Submitted to: Book Chapter
Publication Type: Book / Chapter
Publication Acceptance Date: August 28, 2008
Publication Date: March 1, 2010
Repository URL: http://hdl.handle.net/10113/43740
Citation: Weiland, J.J., Chung, K., Suttle, J.C. 2010. The Role of Cercosporin in the Virulence of Cercospora ssp. to Plant Hosts. In Lartey, R.T., Weiland, J.J., Panella, L., Crous, P.W., Windels, C.E., editors. Cercospora Leaf Spot of Sugar Beet and Related Species. St. Paul, MN: The American Phytopathological Society. p. 109-117. Interpretive Summary: The fungus Cercospora beticola causes severe defoliation of sugar beet plants resulting in high crop losses. This destructive ability is partially mediated by a toxic compound, cercosporin, that is produced by the fungus during invasion of the plant. By removing only the ability to produce cercosporin, it was discovered that this compound plays an important, but not exclusive, role in causing leaf defoliation by this organism. By understanding the importance of compounds like cercosporin in the damage to crops by plant pathogens, crop protection strategies that target this toxic compound may be prioritized. Broader discussions on the nature of the production of toxins like cercosporin are presented as a conclusion to the chapter.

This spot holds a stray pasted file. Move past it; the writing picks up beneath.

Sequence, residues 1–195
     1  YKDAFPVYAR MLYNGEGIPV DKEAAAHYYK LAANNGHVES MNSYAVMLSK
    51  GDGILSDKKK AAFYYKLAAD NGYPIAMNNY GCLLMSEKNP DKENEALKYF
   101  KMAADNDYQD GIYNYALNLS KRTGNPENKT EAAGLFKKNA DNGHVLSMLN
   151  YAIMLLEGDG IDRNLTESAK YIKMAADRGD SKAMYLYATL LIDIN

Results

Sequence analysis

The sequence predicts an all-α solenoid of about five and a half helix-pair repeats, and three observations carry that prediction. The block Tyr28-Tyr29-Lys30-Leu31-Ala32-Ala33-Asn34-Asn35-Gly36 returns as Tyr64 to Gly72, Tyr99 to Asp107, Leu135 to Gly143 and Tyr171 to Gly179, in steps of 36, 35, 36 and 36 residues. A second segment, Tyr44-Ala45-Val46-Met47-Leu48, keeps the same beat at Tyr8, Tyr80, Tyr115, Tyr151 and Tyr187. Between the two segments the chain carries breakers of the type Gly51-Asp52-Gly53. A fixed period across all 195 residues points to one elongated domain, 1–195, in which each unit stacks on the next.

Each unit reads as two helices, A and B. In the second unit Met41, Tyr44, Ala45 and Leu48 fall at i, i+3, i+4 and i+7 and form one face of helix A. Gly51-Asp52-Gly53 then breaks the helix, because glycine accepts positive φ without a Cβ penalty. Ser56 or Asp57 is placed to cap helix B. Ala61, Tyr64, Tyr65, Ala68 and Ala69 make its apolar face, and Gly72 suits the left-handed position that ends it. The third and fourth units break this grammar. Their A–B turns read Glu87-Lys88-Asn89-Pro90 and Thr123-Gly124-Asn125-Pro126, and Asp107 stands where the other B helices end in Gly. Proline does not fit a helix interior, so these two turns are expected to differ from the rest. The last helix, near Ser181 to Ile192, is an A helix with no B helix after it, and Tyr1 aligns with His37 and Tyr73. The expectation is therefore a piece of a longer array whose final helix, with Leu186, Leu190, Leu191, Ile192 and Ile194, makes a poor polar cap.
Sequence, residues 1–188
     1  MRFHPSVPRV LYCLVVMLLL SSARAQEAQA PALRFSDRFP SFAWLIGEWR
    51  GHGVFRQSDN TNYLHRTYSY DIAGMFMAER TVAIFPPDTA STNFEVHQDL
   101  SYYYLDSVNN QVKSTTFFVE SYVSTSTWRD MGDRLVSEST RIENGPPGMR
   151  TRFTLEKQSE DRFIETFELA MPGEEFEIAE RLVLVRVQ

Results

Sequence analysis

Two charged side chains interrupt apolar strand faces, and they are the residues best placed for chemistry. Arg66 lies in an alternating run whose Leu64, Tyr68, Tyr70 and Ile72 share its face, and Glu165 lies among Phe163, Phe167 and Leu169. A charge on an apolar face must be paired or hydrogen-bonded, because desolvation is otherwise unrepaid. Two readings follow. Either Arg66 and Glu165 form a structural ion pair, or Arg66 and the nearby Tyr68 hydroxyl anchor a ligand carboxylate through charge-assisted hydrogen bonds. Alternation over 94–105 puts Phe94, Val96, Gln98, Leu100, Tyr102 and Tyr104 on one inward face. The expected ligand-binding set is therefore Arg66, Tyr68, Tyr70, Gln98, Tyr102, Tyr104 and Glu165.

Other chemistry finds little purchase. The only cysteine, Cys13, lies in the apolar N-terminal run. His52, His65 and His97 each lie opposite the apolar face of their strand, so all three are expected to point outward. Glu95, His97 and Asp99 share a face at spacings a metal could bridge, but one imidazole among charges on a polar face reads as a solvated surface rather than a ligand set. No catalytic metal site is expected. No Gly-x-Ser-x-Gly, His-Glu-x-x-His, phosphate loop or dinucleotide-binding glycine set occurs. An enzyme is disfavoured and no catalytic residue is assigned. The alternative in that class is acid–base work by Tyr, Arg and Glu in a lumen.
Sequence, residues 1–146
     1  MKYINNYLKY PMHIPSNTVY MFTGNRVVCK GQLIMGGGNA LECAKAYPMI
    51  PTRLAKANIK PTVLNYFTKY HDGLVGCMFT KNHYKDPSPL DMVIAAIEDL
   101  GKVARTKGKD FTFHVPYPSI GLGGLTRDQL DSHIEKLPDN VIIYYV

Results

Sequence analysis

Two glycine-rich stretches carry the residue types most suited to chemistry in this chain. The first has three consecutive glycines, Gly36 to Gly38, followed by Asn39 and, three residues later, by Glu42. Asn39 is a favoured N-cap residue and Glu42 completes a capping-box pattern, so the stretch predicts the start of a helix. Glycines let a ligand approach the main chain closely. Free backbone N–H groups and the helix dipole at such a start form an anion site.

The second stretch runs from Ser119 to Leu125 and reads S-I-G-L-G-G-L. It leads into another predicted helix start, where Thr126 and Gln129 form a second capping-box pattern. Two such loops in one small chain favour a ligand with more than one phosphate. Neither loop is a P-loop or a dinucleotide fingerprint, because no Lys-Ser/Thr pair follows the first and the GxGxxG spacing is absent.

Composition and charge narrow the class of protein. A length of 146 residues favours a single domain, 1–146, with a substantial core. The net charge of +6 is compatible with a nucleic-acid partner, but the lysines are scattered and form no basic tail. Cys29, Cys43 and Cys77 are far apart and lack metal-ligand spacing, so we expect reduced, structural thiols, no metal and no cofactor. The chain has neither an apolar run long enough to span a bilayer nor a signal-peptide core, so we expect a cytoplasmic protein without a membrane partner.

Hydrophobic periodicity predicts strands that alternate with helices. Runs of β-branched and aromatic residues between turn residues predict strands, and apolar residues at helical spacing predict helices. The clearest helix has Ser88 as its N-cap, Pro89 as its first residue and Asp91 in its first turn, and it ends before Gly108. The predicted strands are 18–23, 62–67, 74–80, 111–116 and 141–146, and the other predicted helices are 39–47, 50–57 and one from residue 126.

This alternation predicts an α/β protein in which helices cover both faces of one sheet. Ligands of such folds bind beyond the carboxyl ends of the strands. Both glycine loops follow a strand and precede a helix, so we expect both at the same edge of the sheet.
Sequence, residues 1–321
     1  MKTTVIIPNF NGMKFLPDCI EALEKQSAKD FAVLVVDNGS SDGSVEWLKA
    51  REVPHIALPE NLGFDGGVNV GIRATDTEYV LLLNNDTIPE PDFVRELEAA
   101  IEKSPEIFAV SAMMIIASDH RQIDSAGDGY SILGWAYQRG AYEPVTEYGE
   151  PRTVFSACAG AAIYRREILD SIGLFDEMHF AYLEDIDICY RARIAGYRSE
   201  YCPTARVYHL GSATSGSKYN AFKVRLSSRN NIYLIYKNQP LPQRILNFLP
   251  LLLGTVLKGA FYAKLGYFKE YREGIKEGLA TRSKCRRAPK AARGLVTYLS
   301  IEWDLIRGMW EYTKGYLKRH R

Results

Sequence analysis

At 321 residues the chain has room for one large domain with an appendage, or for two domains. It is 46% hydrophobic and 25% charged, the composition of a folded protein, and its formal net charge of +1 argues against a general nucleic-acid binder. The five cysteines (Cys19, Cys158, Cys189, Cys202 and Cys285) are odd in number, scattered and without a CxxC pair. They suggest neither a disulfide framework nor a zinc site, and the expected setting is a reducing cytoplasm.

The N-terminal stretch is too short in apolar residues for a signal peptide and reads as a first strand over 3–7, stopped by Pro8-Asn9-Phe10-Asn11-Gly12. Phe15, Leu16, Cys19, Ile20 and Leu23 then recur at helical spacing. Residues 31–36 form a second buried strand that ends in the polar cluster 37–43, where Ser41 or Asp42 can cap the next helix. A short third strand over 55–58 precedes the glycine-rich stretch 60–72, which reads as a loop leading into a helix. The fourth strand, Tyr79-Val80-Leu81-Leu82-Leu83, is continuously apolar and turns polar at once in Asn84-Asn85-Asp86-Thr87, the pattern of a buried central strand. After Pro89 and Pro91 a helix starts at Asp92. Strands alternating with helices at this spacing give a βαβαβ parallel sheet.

Technical Abstract: Phytotoxins classically have been divided into those that are host-specific, affecting distinct genotypes or species of plant hosts, or host non-specific. Host non-specific phytotoxins, with further investigation, can be found as generally toxic to living cells. For example, the trichothecene mycotoxins have well-known toxicities to animal cells and recently were found to be virulence factors in plant infection. The light-activated cercosporin toxin behaves similarly. Cercosporin production can be used to classify Cercospora species and has been the subject of elegant studies regarding toxin mode of action and resistance by Cercospora and other fungi to its damaging effects. Although the genes and enzymes involved in cercosporin production are only now being described, the regulation of cercosporin production by environmental cues has been known for decades. The following chapter begins with an overview of the effects of cercosporin on plant host tissue promoting pathogen invasion and on the regulation of cercosporin production by environmental stimuli. This is followed by a summary of recent data in which genes encoding proteins for cercosporin production and secretion and the regulation of this process have been cloned and characterized. The chapter concludes with speculation as to the origin of the ‘pathogenicity island’ encoding genes for cercosporin synthesis and secretion and for regulation of the gene cluster.